After Philip Frankland Lee and his wife Margherita Klass Lee opened their first Scratch Bar & Kitchen in 2013, Lee yearned to fulfill another long-standing dream: He wanted to open a sushi restaurant. Growing up in Los Angeles’ San Fernando Valley, which contains one of the highest concentrations of sushi bars in the country, he’s wanted to be a sushi chef since he was 13.
Kallas-Lee pointed out that the restaurant, then located in Beverly Hills and now in Encino, was too busy to save me long stretches of time. So he turned his office into a small omakas restaurant.
The restaurant, too small to have only table space, fridge and eight restaurants, had no name, no website, no phone number and didn’t take reservations. Diners had to appear and write their names on the board with 24 slots to get a seat.
“It was a terrible business model,” he admits to me now with a laugh. But it took off, and out of this tiny space a restaurant empire has grown, earning Michelin stars and now making its way to Miami.
One of four locations for Sushi by Scratch, the Miami restaurant is now open on the first floor of the historic Stirrup House in Coconut Grove, behind Michael Beltran’s Ariete, which received its first Michelin star in June. The menu is served omakase (chef’s choice) style, and like all Scratch restaurants, everything is made from scratch, including soy sauce and vinegar.
“If we want prosciutto, we have to buy a pig and wait three years,” says Lee, who also runs two Pasta by Scratch restaurants in Los Angeles and Austin as well as Sushi by Scratch locations in Los Angeles, Austin and Montecito. LA Pasta and Montecito sushi restaurants each received Michelin stars in 2021.
The Miami restaurant will serve a 17-course omakase menu to 10 customers per seat, with three seats per night. You have to have a reservation, and it’s hard to get. On the 1st of every month, Sushi by Scratch will open their reservation website. July is already sold out, but you can be put on a waiting list in case of cancellation.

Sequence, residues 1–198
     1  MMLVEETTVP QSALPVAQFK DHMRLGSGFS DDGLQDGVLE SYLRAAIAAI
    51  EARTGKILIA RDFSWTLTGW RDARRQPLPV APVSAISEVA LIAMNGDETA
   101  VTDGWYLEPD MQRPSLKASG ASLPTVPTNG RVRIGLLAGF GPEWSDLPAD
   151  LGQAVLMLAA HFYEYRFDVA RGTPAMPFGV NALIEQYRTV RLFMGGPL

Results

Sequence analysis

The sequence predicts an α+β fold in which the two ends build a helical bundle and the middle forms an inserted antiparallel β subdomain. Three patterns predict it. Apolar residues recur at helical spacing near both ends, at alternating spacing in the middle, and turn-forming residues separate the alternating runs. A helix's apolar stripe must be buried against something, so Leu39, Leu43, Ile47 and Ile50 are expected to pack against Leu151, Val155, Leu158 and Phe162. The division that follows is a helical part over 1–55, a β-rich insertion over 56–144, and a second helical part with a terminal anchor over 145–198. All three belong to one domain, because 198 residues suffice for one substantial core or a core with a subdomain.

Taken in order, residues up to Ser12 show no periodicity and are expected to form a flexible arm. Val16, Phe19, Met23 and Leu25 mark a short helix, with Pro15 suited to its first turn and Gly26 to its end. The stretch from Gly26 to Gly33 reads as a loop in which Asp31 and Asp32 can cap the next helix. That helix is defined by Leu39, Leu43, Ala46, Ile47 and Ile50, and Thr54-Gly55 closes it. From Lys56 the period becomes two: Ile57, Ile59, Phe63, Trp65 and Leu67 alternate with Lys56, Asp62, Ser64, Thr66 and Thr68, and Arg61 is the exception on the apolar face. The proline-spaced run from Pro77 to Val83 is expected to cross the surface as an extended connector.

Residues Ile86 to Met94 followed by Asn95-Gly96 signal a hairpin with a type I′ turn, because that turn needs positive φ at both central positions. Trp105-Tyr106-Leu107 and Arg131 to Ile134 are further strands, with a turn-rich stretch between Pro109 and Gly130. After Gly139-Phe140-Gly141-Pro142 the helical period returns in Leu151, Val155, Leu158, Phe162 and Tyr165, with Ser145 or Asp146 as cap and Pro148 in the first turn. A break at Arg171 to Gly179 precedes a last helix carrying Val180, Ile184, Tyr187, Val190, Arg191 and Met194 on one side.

Lee says the Miami menu will include some signature items from other restaurants, including hamachi coated in sweet corn pudding with sourdough breadcrumbs and shredded wasabi on top, a nod to the sweet corn Lee grew up eating every summer as a kid and California sourdough.
Also on the menu is what Lee calls a 1-2 punch: a bone marrow course followed by Japanese eel seasoned with salt made with matcha green tea, mushrooms, and kelp, with bone marrow fat burned and distilled.
He tells me, “It’s not a traditional Nigerian, but I grew up eating bone marrow, and I love it. It’s on all my menus. It’s everyone’s favorite right away.”
Sharing his culinary past is something that Lee believes defines and sets his restaurants and brands apart.
“I see the kitchen as a language,” he says. You can either bring back the words you’ve heard or try to add them to the conversation. . . . Traditionally, in the best omakase bars in Tokyo, it’s not about who had the best fish or rice. At this level you divide the hair. Everyone is trying to have the best fish and the best rice. What separates one sushi spot from another is that each chef tells the story of his childhood and his neighbors. How they grew up is displaying their fish.”
Sushi from Scratch
where: 3242 Charles Street, Coconut Grove
cost: $165 per person plus taxes and service; Add $85 to pair three glasses, cocktails, and one beer, and $110 to pair six glasses
Seats: 5 PM 7:15 PM; 9:30 pm from Wednesday to Sunday
Reservations: Open on the first day of every month for the following month at www.sushibyscratchrestaurants.com